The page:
Investigation into Countryside officials highlights lack of proper paperwork



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Mon. October 8, 2012 | Bob Putnam | Email

Investigation into Countryside officials highlights lack of proper paperwork

CLEARWATER — An unregistered assistant coach who was removed for using sexually-explicit language toward a player has resulted in Countryside High School’s head football coach, principal and athletic director being disciplined.

The Pinellas County School District’s Office of Professional Standards investigation — whose files were released to the Tampa Bay Times on Monday — found that Countryside officials failed to submit paperwork on Derrick Smith, a defensive backs coach the past two seasons who was not cleared by the district to volunteer. A letter of caution was issued to head coach Jared Davis. Letters of reprimand were issued to Countryside principal Gary Schlereth and athletic director Lewis Curtwright.

The OPS opened an investigation into the Countryside trio after Smith was dismissed Sept. 10. Smith never should have been considered for coaching because he was labeled a “no rehire” by the district following a 2008 investigation that found he used excessive profanity and force on a student while a teacher and football coach at Lakewood. He was also on administrative leave at the time for downloading pornography on a school laptop.

District spokeswoman Melanie Marquez said Monday that two years ago the practice was changed to not allow employees labeled as no rehires to volunteer, and a new database was put in place last year that can flag them. That explains why Smith was allowed to coach at Dunedin — former football coach Mark Everett said paperwork had been submitted on Smith — before landing at Countryside.

“If Countryside had submitted paperwork for Derrick Smith, he would have been flagged and ineligible to coach,” Marquez said.

The county has stressed the importance of submitting paperwork on volunteer coaches the past two years, especially after Palm Harbor University fired football coach Mark Haye in December 2010 for intentionally allowing a volunteer who had a criminal record to coach.

“We put much emphasis on the importance of the needed paperwork as it relates to our overall athletic program,” Pinellas County athletic director Nick Grasso said.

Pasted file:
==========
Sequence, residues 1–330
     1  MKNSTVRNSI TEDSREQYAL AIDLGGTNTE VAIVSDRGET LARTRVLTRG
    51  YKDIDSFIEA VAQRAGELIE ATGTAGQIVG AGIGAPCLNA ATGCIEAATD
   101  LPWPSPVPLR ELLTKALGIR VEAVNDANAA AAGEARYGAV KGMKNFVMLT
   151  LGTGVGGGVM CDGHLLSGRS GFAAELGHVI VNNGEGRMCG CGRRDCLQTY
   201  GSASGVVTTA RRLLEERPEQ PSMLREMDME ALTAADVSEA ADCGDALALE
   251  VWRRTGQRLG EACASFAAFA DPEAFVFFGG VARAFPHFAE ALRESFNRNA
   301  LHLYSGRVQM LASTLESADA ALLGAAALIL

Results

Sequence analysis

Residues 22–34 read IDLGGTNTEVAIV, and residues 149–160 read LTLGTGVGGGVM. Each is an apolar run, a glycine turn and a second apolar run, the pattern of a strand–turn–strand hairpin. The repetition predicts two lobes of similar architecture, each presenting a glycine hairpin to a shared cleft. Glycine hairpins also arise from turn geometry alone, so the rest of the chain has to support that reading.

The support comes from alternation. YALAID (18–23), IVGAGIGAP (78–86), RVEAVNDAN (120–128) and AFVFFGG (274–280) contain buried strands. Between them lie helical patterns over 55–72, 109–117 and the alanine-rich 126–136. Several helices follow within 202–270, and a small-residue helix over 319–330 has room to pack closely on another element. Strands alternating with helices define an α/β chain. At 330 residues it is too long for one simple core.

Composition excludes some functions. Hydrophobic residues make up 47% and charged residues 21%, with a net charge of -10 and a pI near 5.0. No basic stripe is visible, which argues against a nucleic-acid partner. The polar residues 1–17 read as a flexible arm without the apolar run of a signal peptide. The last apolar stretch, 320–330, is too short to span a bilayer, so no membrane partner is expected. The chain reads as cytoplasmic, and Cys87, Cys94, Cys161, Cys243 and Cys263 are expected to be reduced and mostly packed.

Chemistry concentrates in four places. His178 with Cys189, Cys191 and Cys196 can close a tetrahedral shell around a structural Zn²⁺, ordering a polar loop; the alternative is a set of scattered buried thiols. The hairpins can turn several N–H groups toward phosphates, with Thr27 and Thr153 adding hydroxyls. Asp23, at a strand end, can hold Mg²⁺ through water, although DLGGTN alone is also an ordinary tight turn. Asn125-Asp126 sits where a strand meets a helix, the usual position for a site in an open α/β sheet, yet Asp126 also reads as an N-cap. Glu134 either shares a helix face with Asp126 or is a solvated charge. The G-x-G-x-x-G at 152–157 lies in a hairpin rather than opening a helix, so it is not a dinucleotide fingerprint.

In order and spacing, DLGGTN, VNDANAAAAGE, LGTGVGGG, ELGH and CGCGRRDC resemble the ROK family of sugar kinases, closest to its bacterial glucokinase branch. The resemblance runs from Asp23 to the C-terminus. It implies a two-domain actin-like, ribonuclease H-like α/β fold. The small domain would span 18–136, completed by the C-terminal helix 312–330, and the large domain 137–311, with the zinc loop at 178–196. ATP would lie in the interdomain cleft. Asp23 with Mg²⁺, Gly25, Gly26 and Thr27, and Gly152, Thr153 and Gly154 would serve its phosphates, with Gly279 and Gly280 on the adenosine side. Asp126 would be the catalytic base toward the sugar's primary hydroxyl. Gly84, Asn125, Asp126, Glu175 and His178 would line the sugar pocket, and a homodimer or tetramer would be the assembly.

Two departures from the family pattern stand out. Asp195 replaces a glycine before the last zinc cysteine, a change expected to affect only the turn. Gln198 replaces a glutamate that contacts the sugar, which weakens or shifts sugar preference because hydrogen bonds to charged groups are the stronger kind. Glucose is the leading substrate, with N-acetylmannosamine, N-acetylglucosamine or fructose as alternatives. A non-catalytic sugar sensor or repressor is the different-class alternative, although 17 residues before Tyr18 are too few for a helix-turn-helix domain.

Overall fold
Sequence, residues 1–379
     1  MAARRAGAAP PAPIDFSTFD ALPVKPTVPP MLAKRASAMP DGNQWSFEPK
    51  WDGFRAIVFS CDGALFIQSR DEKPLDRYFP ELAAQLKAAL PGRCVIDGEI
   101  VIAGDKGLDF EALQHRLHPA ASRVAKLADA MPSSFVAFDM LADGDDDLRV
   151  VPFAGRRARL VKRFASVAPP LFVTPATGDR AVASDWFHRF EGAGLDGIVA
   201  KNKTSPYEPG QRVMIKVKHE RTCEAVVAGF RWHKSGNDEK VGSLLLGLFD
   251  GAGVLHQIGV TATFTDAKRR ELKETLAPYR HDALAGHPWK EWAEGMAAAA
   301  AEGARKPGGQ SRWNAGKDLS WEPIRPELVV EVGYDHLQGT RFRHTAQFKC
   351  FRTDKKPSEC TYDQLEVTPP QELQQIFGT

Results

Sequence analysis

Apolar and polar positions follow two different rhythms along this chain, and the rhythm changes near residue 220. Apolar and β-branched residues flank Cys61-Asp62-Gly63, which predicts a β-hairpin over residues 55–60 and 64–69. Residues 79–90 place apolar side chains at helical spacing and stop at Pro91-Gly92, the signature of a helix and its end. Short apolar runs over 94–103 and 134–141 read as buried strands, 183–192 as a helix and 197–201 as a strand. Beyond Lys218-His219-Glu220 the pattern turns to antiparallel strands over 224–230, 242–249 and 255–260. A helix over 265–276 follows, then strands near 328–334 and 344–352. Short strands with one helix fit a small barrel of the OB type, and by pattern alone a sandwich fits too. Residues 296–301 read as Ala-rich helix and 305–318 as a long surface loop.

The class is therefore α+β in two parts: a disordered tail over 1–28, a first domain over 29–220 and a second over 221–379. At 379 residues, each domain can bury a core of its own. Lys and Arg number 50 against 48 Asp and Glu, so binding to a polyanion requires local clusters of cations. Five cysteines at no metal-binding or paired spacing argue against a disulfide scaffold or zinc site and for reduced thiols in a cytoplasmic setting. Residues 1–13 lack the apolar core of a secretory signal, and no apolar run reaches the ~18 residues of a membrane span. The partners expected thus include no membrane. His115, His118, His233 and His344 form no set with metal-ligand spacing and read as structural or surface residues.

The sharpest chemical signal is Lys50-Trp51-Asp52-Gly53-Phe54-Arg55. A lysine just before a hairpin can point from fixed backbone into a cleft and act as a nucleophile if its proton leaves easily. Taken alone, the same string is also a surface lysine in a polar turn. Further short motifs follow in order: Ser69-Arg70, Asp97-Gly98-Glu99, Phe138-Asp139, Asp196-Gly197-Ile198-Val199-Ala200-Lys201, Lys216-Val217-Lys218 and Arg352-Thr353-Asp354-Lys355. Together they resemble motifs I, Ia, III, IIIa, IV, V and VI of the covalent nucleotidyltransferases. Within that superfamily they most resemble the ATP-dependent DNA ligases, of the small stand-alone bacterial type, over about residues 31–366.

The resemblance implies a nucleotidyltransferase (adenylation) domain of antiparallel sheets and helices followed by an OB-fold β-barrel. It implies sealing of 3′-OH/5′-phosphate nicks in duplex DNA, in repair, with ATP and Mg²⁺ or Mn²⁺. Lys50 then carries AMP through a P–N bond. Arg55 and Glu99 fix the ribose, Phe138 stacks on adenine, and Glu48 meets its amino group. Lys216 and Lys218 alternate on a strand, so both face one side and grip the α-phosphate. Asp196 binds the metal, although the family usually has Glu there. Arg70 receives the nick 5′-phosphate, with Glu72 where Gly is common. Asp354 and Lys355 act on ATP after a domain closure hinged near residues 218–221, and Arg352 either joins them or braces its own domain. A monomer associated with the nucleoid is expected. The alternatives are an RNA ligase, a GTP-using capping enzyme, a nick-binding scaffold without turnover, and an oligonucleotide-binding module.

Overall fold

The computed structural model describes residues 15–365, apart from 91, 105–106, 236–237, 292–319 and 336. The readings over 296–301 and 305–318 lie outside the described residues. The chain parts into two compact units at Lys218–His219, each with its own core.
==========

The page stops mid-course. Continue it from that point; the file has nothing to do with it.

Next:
But Countryside has had trouble following those guidelines.

Schlereth’s letter of reprimand says: “Two years ago, there were similar concerns regarding the use of volunteers with the football program, and at that time, you were verbally instructed to correct the processes at your school to ensure all volunteer personnel who work with students are registered.”

The county handbook also clearly states: “Principals and administrators are responsible for coordination and supervision of volunteers.”

When reached at the school Monday, Schlereth refused to comment.

When coaches apply to be a volunteer, they must disclose any incidents involving a law enforcement agency or criminal charges. They also must sign a coaching agreement and go through a background screening that includes a check of criminal records.

Schlereth puts part of the blame on Davis in his letter of caution to the coach: “This event would not have occurred if you had taken the proper steps to make sure all of your assistant coaches have completed their volunteer paperwork in a timely manner as mentioned in various meetings about volunteers in pre-school meetings with the administration.”

Curtwright admitted in a letter to area superintendent William Corbett “that we had multiple volunteers who were not registered.” But Curtwright said those volunteers were identified as school teachers who were either working in the district and or at Countryside, according to the letter. Smith, however, has not been a school district employee since resigning from Lakewood.

“…The district policies have been nebulous or at least have not been effectively communicated to the assistant principals in charge of athletics,” Curtwright wrote.

Smith’s dismissal as an assistant coach stemmed from an email sent by a parent to Curtwright and Davis regarding the explicit language, including a remark about oral sex, used by Smith in practice.

“In light of the (former Penn State assistant coach Jerry) Sandusky (abuse) case, I am a little unnerved. Did Countryside perform a complete background check on this coach? Did this same coach get fired from Lakewood due to a porn episode? I want Countryside to win at all costs, but not at the safety of innocent children,” the email said.

The internal investigation also said Smith was meeting with players at their homes.

Davis, who did not return a phone call seeking comment, said in the report that he had not turned in Smith’s paperwork because he was waiting for a copy of Smith’s driver’s license and assumed he was a school district employee.

Davis told investigators he did not know about Smith meeting with players, had never heard any name calling or had players come to him regarding the language being used by Smith.

When asked by investigators if he is good with paperwork, Davis replied, “Not a whole lot.”

Bob Putnam can be reached at putnam@tampabay.com.


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